But really, does existence arrive at us in a way where we are prepared to face its challenges? That we will be able to call upon of its virtues and practices at any given moment? I don’t think life is that neat. Our decisions don/t make us into peaceable people, nor does our education, as helpful as they are. The multiple identities and communities that call us into responsibility have a diversity of duties and expectations: the church, the state, the local city, schools, the family. I don’t think virtue ethicists take seriously this diversity.

      Reply
      1. Jeremy McLellan

        It’s precisely because life is really complex and situations arise “in medias res” that virtue is so important. If you’re primarily concerned about sins or good deeds (which are essential, of course) you’ll often find yourself within webs of systemic injustice and evil but unable to clearly say where the error is. By then it’s too late. Is owning a cache of AR-15s a “sin”? Maybe….but is it participating in a deforming system of violence? Definitely. And why do you say that our decisions don’t make us into peaceable people? How does one become nonviolent, if not by practicing nonviolence?

        Reply
        1. RodtRDH Post author

          Peace first comes through the Prince of Peace first, and the Spirit of Peace who the God of Peace, the Trinity sends to the Elect/Church/the Faithful. It’s only in the Praxis of the Godhead that we come to know nonviolence. Yes we can choose to follow this God as part of our choice, but I say unto thee, it is God’s Choice, Election, that Christian theology & ethics starts, and that is Jesus, 2nd person in the Trinity.

          Reply
  2. Charles

    Sorry to be late to the party, but start-of-semester life makes things hectic.

    My work in psychology has been strongly influenced by Christian virtue thought (Nancey Murphy, Ellen Charry, NT Wright, etc). I would disagree that virtue ethics begins with the community (ecclesiology). Virtue ethics begins with the telos; what end state are we to develop toward? And the overall structure of teleological thought is an examination of our current state in comparison to the telos, and an examination of ways and means of moving from our current state toward the telos. For Christians, the telos is twofold: the “proximate” telos is Christlikeness, and the “ultimate” telos is the glory of God (see Q1 of the Westminster Catechism). So Christian virtue ethics begins with Christology. The “ways and means” of growth in virtue is the ongoing sanctifying act of the Holy Spirit, with responsible human agency worked in there somewhere (interdenominational variability abounds, but even the Reformed types have human cooperation with the Holy Spirit as an essential component of sanctification). So the second major component of Christian virtue ethics is pneumatology.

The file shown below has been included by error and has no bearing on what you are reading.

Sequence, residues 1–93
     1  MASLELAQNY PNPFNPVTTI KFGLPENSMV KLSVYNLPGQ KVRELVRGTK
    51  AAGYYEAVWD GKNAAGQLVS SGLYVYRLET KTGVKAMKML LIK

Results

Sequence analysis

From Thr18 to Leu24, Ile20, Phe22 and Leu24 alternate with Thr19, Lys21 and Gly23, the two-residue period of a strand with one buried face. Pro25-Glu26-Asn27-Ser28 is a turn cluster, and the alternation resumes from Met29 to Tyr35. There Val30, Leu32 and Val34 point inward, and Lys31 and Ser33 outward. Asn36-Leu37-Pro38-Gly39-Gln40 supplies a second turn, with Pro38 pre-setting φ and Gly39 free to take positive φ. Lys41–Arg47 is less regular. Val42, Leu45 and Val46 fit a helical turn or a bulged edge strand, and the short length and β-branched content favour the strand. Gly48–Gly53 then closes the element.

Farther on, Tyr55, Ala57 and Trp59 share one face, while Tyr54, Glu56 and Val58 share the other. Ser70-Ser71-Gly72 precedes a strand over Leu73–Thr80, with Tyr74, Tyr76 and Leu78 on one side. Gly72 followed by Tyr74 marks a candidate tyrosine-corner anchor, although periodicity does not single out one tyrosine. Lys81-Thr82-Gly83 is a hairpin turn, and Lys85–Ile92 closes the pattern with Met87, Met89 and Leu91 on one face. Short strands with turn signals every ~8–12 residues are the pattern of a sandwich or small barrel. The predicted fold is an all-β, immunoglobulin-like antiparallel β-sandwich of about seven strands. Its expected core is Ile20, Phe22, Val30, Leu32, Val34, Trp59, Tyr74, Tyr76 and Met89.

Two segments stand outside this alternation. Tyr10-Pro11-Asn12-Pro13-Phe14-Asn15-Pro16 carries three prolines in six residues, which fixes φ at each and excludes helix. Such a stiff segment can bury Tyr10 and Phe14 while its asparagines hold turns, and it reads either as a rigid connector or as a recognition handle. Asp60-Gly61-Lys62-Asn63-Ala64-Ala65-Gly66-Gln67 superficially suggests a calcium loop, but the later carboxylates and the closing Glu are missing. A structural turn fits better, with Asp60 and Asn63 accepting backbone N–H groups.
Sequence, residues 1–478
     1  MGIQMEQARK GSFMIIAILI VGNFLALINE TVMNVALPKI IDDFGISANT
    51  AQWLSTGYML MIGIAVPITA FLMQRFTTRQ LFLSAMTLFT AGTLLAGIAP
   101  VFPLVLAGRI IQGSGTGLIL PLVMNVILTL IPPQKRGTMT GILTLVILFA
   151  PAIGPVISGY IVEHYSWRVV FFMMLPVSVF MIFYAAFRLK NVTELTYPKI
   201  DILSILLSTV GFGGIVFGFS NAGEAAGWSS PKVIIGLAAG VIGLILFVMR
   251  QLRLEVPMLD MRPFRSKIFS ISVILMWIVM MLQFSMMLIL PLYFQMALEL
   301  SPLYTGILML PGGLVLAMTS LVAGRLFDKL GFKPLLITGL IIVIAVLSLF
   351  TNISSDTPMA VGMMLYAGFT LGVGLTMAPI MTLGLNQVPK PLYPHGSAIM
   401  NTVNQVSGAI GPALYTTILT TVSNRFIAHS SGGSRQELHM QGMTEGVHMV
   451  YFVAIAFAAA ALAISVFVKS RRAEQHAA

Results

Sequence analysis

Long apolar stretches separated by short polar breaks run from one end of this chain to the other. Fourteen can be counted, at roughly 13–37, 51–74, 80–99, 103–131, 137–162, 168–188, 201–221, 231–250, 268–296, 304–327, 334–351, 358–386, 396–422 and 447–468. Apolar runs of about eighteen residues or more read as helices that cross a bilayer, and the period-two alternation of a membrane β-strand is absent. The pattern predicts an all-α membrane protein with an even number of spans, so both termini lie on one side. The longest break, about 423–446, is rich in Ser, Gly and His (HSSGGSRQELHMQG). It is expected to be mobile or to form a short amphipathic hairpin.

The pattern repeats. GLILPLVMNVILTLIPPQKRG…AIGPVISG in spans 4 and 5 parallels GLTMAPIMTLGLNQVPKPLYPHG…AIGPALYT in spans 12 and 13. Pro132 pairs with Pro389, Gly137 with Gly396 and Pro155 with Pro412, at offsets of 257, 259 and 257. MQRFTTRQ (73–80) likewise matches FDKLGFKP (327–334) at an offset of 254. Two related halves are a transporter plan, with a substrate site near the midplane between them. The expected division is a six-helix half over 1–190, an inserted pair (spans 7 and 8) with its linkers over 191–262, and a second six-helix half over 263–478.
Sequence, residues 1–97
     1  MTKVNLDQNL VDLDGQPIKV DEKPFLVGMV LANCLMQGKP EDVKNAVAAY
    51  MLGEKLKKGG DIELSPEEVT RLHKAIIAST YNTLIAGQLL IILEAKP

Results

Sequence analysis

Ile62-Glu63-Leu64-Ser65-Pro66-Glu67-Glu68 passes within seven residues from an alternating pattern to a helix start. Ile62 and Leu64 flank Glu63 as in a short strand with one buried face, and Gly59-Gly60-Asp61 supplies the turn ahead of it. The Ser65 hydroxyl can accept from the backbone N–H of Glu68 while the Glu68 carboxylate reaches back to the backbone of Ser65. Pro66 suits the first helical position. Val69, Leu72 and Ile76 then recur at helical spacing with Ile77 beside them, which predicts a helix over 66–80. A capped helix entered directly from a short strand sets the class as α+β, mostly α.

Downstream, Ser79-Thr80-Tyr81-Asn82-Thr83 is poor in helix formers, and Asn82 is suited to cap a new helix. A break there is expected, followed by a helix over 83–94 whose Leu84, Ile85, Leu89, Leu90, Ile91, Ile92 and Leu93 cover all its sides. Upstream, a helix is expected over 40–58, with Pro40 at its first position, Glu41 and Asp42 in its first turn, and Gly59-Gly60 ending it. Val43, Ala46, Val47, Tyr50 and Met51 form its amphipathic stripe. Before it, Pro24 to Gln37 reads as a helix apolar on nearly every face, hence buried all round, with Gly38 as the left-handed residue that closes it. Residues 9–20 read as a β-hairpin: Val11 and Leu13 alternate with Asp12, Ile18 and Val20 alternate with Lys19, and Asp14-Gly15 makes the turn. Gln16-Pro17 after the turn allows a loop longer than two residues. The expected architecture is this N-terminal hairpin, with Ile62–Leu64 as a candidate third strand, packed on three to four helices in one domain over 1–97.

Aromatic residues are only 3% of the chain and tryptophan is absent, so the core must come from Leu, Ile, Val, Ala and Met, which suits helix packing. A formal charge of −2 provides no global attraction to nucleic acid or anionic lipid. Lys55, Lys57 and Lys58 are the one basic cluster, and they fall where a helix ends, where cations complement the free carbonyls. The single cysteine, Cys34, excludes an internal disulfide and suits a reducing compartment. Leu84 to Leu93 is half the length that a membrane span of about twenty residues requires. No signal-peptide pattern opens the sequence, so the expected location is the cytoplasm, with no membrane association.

So Christian virtue ethics IS “the development of the moral agent through grace and the Holy Spirit”.

    Ecclesiology is an essential component of teleological growth, because the virtues are defined in the context of a community’s attempts to understand the telos, and virtuous growth occurs through participation in socially-embedded practices. But “becoming the Church” is not itself the central concept.

    And because shameless self-promotion is best self-promotion, I will now cite myself:
    Murphy, N., & Hackney, C. H. (2011). An interview with Nancey Murphy: Constructing an Anabaptist vision of ideal psychological functioning. Edification: The Transdisciplinary Journal of Christian Psychology, 4, 73-78.
    Hackney, C. H. (2010). Sanctification as a source of theological guidance in the construction of a Christian positive psychology. Journal of Psychology and Christianity, 29, 195-207.
    Hackney, C. H. (2010). Positive psychology and Vanhoozer’s theodramatic model of flourishing. Edification: The Transdisciplinary Journal of Christian Psychology, 4, 24-27.
    Hackney, C. H. (2007). Possibilities for a Christian positive psychology. Journal of Psychology & Theology, 35, 211-221.

    Reply
  3. Optimistic Chad

    So, I totally think Jesus was teaching virtue ethics in the Sermon on the Mount. Going beyond simply relying on the spirit in every situation, to instead, using the spirits promptings to become the sort of community in which these practices become normative. This contrasts with simply trying really hard to do the right thing, and sometimes succeeding, but being forgiven (not perfect, yay!) when we fail… Jesus may not have been ONLY a virtue ethicist, but he certainly didn’t spiritualize everything either, citing himself as the second person of the trinity as the reason he made decisions. And his pneumatology wasn’t really a driving factor in his teachings, either. You sure you aren’t talking about Paul, not Jesus?

    Reply

Leave a Reply

Your email address will not be published. Required fields are marked *